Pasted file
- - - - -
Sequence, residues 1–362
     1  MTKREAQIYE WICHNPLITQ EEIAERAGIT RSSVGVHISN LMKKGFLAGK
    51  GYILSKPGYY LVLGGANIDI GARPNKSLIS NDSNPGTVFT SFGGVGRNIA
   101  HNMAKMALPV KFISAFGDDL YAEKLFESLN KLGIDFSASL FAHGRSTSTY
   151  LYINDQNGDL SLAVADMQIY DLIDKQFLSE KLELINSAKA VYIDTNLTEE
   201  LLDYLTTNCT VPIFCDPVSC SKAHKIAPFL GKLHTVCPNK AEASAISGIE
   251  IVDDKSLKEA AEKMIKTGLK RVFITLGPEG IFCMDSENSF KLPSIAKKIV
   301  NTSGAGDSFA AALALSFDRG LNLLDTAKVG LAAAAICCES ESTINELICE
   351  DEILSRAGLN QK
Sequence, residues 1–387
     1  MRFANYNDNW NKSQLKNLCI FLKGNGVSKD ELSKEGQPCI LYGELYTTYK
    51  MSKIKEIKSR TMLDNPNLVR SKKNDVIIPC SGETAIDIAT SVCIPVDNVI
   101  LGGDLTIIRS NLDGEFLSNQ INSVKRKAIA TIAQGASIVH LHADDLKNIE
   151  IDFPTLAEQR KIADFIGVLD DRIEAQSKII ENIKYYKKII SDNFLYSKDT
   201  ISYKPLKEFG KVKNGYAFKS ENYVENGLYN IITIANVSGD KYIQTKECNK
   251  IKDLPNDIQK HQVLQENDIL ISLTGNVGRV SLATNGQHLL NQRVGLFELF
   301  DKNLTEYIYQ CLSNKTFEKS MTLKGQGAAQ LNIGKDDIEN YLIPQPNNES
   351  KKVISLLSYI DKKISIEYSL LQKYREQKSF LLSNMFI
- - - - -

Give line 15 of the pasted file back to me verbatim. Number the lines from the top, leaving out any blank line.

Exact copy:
   201  ISYKPLKEFG KVKNGYAFKS ENYVENGLYN IITIANVSGD KYIQTKECNK